It is very nearly the plot of a videogame. That sentence isn’t written in some sort of hyperbolic way either – the “Wolfenstein” franchise has spent no small amount of time exploring the various hypothetical things the Nazis could have done to make super soldiers in order to stop the Allies during World War II.
The games don’t have a monopoly on the notion, however, and that is wonderful because it means that we get movies like director Julius Avery’s “Overlord.” This is not a movie that is setting out to win any awards, but it is a huge crowd-pleaser of a film, a true thrill ride and all the other terrible adjectives that get used in pull-quotes.
In brief, it is centered on a group of American soldiers whose mission is to drop into France just prior to D-Day. They are to blow up a Nazi radio tower on top of a church in order to halt Nazi communications and allow for better air support of the troops landing on beaches. When the troops get to the little French town, however, they find that something nefarious is taking place – a Nazi scientist is working with the dead and the living to do… something which involves bringing the dead back to life and possibly a whole lot more. Naturally, the heavily outmanned and outgunned Americans reluctantly take it upon themselves to put an end to these Nazi horrors.
“Overlord” is a high-concept mash-up of a World War II film, sci-fi, and horror. It features a script from Billy Ray and Mark L. Smith based on a story by Ray, and that story is really just as over the top and wacky as it sounds in the above paragraph. The movie isn’t simply gory, it is at turns funny and shocking and heartbreaking. This is not to say that there’s something for everyone here, because it’s definitely the blood and gore which lead the way and anyone who goes for the heartbreak and isn’t into the blood and gore will not enjoy the film.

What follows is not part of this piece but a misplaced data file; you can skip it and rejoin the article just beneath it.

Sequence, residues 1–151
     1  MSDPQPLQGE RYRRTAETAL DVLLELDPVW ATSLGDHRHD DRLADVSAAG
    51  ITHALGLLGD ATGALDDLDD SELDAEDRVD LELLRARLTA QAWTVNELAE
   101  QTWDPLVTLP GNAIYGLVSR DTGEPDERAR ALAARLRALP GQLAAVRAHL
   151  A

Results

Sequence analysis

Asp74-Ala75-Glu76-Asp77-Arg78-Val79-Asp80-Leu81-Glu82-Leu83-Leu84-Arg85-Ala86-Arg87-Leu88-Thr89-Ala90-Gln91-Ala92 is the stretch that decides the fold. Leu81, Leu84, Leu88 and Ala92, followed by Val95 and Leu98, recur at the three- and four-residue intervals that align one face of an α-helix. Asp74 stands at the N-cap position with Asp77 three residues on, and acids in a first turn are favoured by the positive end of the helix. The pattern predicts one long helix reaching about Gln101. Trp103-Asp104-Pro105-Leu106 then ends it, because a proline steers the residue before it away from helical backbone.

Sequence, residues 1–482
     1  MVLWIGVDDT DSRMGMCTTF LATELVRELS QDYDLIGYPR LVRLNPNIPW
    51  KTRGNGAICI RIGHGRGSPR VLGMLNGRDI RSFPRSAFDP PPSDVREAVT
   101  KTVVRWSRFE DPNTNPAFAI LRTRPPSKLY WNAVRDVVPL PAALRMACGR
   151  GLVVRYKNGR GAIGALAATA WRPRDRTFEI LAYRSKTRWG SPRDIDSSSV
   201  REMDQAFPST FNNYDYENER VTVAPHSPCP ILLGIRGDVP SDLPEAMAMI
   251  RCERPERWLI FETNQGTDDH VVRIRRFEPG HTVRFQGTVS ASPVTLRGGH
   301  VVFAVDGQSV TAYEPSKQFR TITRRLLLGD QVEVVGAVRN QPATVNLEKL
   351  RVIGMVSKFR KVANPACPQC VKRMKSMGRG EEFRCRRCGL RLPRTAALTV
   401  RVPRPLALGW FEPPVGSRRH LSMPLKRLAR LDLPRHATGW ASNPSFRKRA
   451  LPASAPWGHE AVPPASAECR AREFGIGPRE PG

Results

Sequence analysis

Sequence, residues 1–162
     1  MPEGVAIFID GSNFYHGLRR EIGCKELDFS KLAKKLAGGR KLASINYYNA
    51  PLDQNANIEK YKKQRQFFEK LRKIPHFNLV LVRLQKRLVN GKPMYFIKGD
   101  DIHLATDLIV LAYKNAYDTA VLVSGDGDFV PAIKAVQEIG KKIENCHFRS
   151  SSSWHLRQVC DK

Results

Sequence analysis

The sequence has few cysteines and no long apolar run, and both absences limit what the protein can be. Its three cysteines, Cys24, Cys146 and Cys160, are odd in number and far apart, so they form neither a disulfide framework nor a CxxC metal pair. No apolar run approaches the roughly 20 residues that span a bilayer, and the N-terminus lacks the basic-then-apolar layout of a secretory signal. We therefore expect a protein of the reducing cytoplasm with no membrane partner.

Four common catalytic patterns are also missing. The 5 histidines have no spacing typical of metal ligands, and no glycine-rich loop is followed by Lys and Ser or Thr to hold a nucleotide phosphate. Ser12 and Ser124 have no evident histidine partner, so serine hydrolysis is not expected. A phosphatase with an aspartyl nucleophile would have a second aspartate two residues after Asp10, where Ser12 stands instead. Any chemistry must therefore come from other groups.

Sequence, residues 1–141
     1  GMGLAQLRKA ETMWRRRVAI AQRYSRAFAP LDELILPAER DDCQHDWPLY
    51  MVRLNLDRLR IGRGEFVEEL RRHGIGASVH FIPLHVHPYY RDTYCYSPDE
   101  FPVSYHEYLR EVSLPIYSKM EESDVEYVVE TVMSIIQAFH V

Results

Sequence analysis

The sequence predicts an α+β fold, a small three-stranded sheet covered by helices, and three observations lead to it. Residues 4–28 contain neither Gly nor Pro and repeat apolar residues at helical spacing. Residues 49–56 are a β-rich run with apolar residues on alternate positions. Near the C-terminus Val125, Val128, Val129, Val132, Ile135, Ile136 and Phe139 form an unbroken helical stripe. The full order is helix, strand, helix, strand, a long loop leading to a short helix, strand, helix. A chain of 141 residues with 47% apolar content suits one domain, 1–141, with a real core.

There are some truly gruesome moments throughout, not just when the Nazi super-soldiers get involved. Filmed in a hyper-realistic manner, the audience is placed right into the middle of the action during the opening sequence which sees the soldiers inside an airplane learning of their mission and getting ready to parachute as they fly over occupied airspace.
Leading the cast are Jovan Adepo as Boyce, Wyatt Russell as Ford, and Mathilde Ollivier as Chloe. The first two are soldiers, with Ford leading the mission while Chloe is a local in the town whom the soldiers—a group which also includes Tibbet (John Magaro), Chase (Iain de Caestecker), Dawson (Jacob Anderson), and Rosenfeld (Dominic Applewhite)—befriend. Adepo, Russell, and Ollivier are all outstanding, with Russell setting the bar (anyone who has seen him in “Lodge 49” will get an entirely different sort of character here).
The baddies are led by Wafner (Pilou Asbæk), and Asbæk does an admirable job in the role as well. He is the personification of evil in this movie and almost seems to relish the job.
Avery and company have paced the film beautifully, repeatedly ratcheting up and then cutting back on the tension until the audience is at the edge of its seat for the climax. That moment, unlike in so many other films, does not overstay its welcome. In this regard, the movie feels almost effortless – one moment flows beautifully into the next and the audience is carried along with it all.
“Overlord” is inventive and bloody and even if every step of the way doesn’t necessarily make logical sense, it is impossible to not get swept up in the affair. It doesn’t just work, it works wonderfully.
photo credit: Paramount Pictures